The big graduation day. You have a job letter in hand, or waiting for it. With your degree it doesn’t seem tough anyway. You’ve reached your ‘goal’ in a life. Finally you’ll be a ‘working’ man/woman. It’s a badge of honor. It’s the result of your parents’ hard earned money and your late nights in the study. You can’t wait for your first salary, splurge it on , or that smartphone you’ve salivated at for ages.
However, once you shift to a new city and start working you realize it’s not all you expected it to be. They say your first job is as important as your first love. That’s not without reason. Whether it works out or not, you’ll never forget it.
Here are the 5 most important lessons your first job teaches you.
All your life you’ve nurtured a sense of entitlement. Your first job crushes this privilege. Here you a resource, a tiny particle in the giant organization. You say you’re worth it? Prove it. You’ll start at the bottom, and work your way to the top. You’ll be questioned, doubted, and pushed back. There’s no use being Dad’s darling daughter or a mama’s boy. Shit just got real. It’s time you grow up.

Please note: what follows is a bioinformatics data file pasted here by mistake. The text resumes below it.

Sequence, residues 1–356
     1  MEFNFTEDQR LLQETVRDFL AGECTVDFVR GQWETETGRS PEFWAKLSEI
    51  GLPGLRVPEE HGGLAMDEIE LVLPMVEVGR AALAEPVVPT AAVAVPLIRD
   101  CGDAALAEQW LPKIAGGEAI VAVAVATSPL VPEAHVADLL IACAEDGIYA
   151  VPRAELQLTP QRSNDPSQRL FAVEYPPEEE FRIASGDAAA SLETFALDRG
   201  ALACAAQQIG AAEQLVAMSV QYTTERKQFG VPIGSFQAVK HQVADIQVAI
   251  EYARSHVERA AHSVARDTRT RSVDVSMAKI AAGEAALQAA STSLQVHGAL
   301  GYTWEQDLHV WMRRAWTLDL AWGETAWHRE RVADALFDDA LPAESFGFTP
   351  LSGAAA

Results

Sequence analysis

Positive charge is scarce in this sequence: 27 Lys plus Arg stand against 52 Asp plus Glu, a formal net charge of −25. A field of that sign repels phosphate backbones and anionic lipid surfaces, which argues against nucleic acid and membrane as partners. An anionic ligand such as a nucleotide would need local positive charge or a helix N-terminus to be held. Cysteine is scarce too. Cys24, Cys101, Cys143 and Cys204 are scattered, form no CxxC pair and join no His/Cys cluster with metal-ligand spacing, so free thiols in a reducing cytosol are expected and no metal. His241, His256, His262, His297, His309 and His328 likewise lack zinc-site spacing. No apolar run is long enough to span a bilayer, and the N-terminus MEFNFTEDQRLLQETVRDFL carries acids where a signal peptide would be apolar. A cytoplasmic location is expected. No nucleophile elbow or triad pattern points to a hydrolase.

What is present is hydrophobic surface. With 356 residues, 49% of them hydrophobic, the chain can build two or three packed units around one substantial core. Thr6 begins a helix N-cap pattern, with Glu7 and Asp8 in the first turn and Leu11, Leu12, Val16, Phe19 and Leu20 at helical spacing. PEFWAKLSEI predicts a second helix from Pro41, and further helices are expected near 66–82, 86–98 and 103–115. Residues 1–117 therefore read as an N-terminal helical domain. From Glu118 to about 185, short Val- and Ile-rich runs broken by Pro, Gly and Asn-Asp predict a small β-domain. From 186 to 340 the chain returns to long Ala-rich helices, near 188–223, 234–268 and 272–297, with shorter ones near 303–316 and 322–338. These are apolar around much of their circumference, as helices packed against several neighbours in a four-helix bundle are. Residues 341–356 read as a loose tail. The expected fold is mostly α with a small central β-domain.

Networking is critical
An indispensable part of your work life would be creating a nexus of colleagues and clients you can turn to. People skills are critical. That means you’ve to be more approachable, more social and be adept at make contacts. The first job teaches you the importance of having a solid network you can bank on. You’d notice how easy it is to get your hands on new information and get things done that way, and hopefully you’ll soon start building yours.
Success is relative
When we’re young we think success is a big mansion, a fancy car and lots of cash. Your first job shatters that notion. Every time your proposal gets accepted, your experiments work or your work gets appreciated you’ll fist pump, jump in joy, throw a treat and pat yourself on the back.
Money isn’t success.
Chances are slim that you’ll be rolling in cash in your first job . However, you’ll soon realize money is not the final measure of success. There’s more to life. The high you’ll feel every time you get your paycheck or every time you realize you can take care of yourself, it’s unbelievable.
You can choose your buddies. However, you can’t choose your colleagues. Chances are there would be people at work you’ll hate.
Your first job teaches you how to maintain distance from such people, accept your differences and still work towards a common goal. That is a critical life skill. The routine of waking up, getting ready, work, and come back and sleeping late would also take a while to sink in. While your first job may not be the most exciting, but it’ll beat you into shape.